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299 Test of an in-consult patient decision aid for choice of management following endoscopic removal of malignant colorectal polyps
  1. Helene J Würtz1,2,3,4
  1. 1Center for Shared Decision Making, Lillebaelt Hospital, University Hospital of Southern Denmark, Vejle, Denmark
  2. 2Department of Surgery at Vejle Hospital, Lillebaelt Hospital, University Hospital of Southern Denmark, Vejle, Denmark
  3. 3Department of Regional Health Research, Faculty of Health Sciences, University of Southern Denmark, Odense, Denmark
  4. 4Colorectal Cancer Center South at Vejle Hospital, Lillebaelt Hospital, University Hospital of Southern Denmark, Vejle, Denmark

Abstract

Introduction Making the choice of management once an apparently benign colorectal polyp proves to be malignant constitutes a dilemma. The choice between subsequent bowel resection or observation strategy is challenging as both options include a tradeoff between pros and cons. Although international recommendations support the clinical decision-making based on histopathological risk factors such as tumor size, grade and lymphatic invasion, there are larger series published concluding that roughly 75% of the resected bowel specimens are without residual cancer.1 The use of a Patient Decision Aid (PtDA) could be an aid in these consultations regarding choice of management of this preference-sensitive decision in order to increase patient involvement in decision-making. The aim of the study is to evaluate whether there is a significant increase in patient involvement in decision-making when comparing an unexposed cohort to a PtDA exposed cohort.

Methods This prospective cohort study has a sample size of 50 patients and compares an unexposed control cohort with a cohort exposed to an in-consult PtDA administered by experienced senior surgeons. The PtDA was developed with patient participation and according to International Patient Decision Aid Standards recommendations,2 and the OPTION12 (’observing patient involvement’) scale3 is used as the validated observation instrument to assess the level of patient involvement in decision-making occurring.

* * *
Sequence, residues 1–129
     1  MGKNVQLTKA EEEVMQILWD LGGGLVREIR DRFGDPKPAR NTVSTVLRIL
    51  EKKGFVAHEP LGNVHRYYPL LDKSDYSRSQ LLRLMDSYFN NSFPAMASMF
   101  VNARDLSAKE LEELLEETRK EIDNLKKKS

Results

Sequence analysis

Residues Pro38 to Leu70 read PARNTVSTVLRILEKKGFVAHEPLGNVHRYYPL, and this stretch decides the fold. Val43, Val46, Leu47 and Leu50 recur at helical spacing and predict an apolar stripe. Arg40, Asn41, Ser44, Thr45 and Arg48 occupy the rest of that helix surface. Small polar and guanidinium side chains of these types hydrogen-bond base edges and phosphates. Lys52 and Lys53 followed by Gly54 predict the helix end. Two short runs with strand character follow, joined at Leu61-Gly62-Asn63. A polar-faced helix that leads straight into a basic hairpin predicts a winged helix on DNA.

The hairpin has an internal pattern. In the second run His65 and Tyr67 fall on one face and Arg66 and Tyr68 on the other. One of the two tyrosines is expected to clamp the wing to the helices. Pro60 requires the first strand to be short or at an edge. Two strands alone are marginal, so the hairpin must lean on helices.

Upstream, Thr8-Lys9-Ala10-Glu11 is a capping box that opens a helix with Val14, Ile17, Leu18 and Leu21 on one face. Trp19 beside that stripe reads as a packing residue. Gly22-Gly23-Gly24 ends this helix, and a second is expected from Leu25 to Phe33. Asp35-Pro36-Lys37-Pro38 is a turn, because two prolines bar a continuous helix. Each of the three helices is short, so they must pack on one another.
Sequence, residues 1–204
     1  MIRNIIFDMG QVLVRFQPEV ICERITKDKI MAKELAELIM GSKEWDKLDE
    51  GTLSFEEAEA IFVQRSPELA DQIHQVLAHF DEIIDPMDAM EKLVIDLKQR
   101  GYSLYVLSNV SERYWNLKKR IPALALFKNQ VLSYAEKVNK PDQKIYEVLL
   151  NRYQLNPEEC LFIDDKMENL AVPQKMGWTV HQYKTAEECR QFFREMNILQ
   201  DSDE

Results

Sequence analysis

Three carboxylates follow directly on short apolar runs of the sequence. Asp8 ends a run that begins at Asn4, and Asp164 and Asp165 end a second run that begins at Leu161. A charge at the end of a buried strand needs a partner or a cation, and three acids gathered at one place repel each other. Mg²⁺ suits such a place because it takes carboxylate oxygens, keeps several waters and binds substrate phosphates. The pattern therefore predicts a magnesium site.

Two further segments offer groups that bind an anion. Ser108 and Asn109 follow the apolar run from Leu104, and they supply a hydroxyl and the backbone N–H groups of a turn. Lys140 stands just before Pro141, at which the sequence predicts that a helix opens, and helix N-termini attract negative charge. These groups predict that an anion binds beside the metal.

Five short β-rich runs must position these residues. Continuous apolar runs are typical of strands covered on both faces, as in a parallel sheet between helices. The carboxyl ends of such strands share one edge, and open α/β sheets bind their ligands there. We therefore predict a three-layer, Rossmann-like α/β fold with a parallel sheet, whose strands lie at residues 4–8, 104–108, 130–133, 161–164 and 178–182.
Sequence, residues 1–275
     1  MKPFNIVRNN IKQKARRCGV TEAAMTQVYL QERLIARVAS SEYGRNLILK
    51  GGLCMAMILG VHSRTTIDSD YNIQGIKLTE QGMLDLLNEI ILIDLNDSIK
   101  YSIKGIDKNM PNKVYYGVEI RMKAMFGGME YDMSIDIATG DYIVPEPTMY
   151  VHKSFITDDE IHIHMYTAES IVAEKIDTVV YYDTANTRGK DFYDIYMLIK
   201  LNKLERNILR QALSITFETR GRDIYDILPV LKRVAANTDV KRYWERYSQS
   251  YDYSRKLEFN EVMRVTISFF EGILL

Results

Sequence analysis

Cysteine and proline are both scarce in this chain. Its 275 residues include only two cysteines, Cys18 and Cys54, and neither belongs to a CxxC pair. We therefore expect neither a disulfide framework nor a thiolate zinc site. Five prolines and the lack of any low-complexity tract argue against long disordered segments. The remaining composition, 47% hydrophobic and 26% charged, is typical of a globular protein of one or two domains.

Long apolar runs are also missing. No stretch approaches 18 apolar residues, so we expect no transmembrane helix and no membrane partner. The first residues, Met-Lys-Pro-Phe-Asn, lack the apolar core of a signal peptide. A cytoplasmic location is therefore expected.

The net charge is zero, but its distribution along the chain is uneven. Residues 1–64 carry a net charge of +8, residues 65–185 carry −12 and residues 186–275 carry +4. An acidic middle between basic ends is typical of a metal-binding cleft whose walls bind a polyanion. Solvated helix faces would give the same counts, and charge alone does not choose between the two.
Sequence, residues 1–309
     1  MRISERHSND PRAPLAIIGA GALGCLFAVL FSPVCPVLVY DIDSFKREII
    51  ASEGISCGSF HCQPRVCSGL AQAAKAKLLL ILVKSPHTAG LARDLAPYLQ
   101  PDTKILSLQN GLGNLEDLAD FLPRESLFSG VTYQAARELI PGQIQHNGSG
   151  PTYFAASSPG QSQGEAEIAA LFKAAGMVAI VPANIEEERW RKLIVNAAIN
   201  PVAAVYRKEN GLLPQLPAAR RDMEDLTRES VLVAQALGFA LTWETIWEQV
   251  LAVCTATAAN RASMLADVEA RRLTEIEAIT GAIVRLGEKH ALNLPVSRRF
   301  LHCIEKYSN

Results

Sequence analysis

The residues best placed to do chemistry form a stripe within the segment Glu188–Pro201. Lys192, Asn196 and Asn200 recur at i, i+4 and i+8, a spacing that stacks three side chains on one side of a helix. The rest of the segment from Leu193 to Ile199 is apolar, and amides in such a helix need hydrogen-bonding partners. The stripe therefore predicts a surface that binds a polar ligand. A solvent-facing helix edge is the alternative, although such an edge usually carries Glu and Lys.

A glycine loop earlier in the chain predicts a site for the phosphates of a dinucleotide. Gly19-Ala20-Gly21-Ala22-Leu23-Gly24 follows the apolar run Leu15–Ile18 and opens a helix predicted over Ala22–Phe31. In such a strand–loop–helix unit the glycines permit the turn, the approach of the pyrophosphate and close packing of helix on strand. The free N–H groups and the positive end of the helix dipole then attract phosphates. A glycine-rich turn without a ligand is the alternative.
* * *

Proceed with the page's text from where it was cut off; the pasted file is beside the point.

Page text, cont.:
Results Preliminary data show a mean OPTION12 scale score of 17 in the first 11 patients in the unexposed cohort whilst the exposed group of 6 patients included so far have a mean score of 14.5.

Discussion These are only preliminary results and under half of the exposed group have been included. Conclusion

The preliminary data indicate that the use of a PtDA administered by experienced senior surgeons in the gastrointestinal surgical field does not increase the level of patient involvement in decision-making when used in preference-sensitive care.

References

  1. Ikematsu H, Yoda Y, Matsuda T, Yamaguchi Y, Hotta K, Kobayashi N, Fujii T, Oono Y, Sakamoto T, Nakajima T, Takao M, Shinohara T, Murakami Y, Fujimori T, Kaneko K Saito Y. Long-term outcomes after resection for submucosal invasive colorectal cancers. Gastroenterology, 2013;1:44(3):551–9; quiz e14.

  2. Holmes-Rovner M. International Patient Decision Aid Standards (IPDAS): beyond decision aids to usual d esign of patient education materials. Health Expect, 2007;10(2):103–7.

  3. Elwyn G, et al. The OPTION scale: measuring the extent that clinicians involve patients in decision-making tasks. Health Expect, 2005;8(1):34–42.

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